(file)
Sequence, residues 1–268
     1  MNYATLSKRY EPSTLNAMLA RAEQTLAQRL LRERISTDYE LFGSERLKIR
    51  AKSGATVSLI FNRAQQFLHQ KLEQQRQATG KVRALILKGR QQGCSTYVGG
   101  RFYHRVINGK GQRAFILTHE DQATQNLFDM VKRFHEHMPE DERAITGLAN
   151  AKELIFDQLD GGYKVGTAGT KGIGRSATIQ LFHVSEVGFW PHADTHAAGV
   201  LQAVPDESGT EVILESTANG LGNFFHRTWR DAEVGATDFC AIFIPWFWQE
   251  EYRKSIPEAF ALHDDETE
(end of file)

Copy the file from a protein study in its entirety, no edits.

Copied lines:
Sequence, residues 1–268
     1  MNYATLSKRY EPSTLNAMLA RAEQTLAQRL LRERISTDYE LFGSERLKIR
    51  AKSGATVSLI FNRAQQFLHQ KLEQQRQATG KVRALILKGR QQGCSTYVGG
   101  RFYHRVINGK GQRAFILTHE DQATQNLFDM VKRFHEHMPE DERAITGLAN
   151  AKELIFDQLD GGYKVGTAGT KGIGRSATIQ LFHVSEVGFW PHADTHAAGV
   201  LQAVPDESGT EVILESTANG LGNFFHRTWR DAEVGATDFC AIFIPWFWQE
   251  EYRKSIPEAF ALHDDETE